Yuri Suzuki's work explores how the world of sound can be made more concrete through its relationship to objects and technology.
In addition to the Sound in Mind installation, where Suzuki installed a network of listening tubes in the main courtyard of the building last year, Suzuki also presented some "different and fun" projects at the Design Museum in London.
Suzuki, the first sound designer to join the museum, stated that music and sound can really help each other in communication and physicality can emphasize the presence of sound.
Here are seven outstanding projects from Suzuki:
Acoustic Pavilion / Sound in Mind
Sound in Mind was first exhibited in 2015 in the Saint-Pierre church, designed by Le Corbusier in Firminy, France. Visitors are invited to assemble tubes to make listening devices of various shapes and sizes.
Different shapes created different sound effects. "This project was about the participation of people who built their own sculptures," Suzuki said.
The structure at the Design Museum was designed to climb a ladder in the atrium.
After the Acoustic Pavilion, Sonic Playground was a series of sculptural horns installed outside the High Museum of Art in Atlanta, Georgia, in 2018. These are designed to encourage interaction between strangers.
One person may scream or shout at one end, while another person may insert their head into the tube at the other end to hear the result. Different distortion effects were applied and sounds came out from different places, so the result was often surprising.
OTOTO is an electronic device that allows you to turn any object into a musical instrument. Colorful alligator clips connect everything from a solid object to a liquid to a synthesizer, in which case any touch causes the device to sound. It's also possible to change the type of sound each object makes.
The project stemmed from Suzuki's frustration in trying to understand computer programming. He wanted to make it easy for everyone to experience making electronic music.
This is a toy-like project developed by Suzuki in response to his own struggles to make music. Being dyslexic was one of the biggest obstacles to her being unable to read the notes.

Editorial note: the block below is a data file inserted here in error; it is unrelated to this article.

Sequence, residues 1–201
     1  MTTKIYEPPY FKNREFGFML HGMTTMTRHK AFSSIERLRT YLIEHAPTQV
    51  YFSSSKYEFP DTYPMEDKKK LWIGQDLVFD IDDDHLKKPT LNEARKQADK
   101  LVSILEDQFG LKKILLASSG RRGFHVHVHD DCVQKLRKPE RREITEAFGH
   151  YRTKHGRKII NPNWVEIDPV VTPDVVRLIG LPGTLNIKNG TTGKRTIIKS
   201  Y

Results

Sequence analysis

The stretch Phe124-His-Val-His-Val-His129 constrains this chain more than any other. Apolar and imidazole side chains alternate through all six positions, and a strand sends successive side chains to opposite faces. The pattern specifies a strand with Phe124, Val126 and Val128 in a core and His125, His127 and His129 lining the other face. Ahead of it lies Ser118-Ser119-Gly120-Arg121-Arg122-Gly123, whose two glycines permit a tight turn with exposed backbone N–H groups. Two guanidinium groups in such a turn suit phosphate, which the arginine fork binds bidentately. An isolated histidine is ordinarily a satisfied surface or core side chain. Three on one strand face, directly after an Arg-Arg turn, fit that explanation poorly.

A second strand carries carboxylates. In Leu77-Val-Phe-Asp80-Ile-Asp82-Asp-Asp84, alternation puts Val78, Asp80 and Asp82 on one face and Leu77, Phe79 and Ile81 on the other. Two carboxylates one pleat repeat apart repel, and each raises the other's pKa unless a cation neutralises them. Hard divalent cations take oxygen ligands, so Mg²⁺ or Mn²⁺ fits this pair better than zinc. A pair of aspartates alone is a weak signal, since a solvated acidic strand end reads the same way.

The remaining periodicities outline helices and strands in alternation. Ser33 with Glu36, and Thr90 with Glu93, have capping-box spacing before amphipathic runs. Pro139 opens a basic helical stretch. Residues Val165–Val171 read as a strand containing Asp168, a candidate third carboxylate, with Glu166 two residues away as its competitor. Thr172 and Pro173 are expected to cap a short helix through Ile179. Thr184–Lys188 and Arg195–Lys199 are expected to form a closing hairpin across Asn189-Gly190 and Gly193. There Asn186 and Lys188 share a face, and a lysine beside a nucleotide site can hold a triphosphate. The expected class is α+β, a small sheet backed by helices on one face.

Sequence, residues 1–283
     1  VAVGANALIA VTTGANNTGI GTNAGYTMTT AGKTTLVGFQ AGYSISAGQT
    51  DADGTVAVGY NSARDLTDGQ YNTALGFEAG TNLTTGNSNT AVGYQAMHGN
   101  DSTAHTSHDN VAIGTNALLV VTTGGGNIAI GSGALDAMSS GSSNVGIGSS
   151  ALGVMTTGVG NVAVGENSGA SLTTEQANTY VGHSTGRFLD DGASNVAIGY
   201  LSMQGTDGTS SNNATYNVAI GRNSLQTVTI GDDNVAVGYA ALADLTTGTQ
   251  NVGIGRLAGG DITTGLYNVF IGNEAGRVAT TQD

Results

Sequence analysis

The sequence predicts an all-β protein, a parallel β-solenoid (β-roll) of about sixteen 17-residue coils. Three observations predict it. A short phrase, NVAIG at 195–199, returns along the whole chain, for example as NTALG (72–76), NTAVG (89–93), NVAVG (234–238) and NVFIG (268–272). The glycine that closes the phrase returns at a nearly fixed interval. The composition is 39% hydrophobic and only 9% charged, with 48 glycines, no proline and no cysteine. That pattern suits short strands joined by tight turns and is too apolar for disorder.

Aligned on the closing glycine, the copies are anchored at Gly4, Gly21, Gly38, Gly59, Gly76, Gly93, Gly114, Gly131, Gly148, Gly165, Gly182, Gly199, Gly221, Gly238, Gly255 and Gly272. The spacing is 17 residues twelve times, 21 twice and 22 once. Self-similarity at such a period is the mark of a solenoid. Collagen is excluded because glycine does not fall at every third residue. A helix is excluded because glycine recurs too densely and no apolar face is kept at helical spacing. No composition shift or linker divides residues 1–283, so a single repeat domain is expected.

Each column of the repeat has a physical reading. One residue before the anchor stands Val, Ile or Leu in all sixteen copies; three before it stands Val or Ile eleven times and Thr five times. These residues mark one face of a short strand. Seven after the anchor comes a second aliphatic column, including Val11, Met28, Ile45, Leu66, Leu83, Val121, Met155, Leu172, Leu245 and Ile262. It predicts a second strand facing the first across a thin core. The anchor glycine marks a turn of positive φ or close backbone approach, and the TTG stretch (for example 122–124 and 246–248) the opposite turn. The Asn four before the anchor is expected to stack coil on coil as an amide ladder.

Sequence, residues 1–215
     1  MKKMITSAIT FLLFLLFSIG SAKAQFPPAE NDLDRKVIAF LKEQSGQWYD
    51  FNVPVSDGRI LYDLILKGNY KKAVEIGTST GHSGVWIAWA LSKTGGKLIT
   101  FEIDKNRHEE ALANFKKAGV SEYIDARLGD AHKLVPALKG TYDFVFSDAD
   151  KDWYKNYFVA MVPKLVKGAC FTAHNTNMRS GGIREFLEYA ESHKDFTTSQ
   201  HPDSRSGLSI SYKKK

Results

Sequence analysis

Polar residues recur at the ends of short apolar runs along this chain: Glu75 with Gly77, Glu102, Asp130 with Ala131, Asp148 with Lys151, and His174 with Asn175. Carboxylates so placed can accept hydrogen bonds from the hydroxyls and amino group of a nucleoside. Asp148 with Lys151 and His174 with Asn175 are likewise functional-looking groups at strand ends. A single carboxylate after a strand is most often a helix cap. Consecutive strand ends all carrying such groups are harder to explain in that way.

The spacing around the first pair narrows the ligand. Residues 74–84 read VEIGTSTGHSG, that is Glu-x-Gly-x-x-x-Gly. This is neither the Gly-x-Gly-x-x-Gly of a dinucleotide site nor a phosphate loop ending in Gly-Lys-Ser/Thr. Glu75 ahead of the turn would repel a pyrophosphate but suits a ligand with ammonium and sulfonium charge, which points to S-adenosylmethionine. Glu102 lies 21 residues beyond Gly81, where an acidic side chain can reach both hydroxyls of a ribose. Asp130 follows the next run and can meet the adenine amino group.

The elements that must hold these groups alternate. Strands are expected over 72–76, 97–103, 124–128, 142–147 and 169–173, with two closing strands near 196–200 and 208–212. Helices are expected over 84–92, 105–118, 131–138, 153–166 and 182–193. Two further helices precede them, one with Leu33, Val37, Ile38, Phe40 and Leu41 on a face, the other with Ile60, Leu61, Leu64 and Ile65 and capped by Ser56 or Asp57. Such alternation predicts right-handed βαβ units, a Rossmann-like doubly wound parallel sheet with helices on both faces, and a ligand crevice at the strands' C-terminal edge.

Color Chaser was born from a desire to create a kind of musical notation that can be drawn by anyone. A robot follows the lines drawn with a felt-tip pen and makes a corresponding sound when it passes over a color.
Amateur Music Production
This project, co-created by Suzuki with Jerszy Seymour, thinks the rise of digital music means that analogue media such as CDs or tapes will soon become little more than a memory.
The duo developed a primitive stamping device that allowed people to make their own vinyl records as records of their digital purchases.
Tube Map Radio
Suzuki created this radio, which takes the form of the London Underground map, in 2012 for the Design Museum's Residence Designers program. Each component has a reference, for example, the battery is located at the Battersea Power Station and a speaker could be found in the Speakers Corner.
The idea was to make it easier for people to understand how the circuit works and how to fix it if necessary. It was a reaction to today's consumer culture where it is often easy to replace rather than repair.
This 2012 installation saw Suzuki transform a typical London taxi into a sound machine. Covered with speakers and microphones, the vehicle recorded the sounds of the city and turned it into music.
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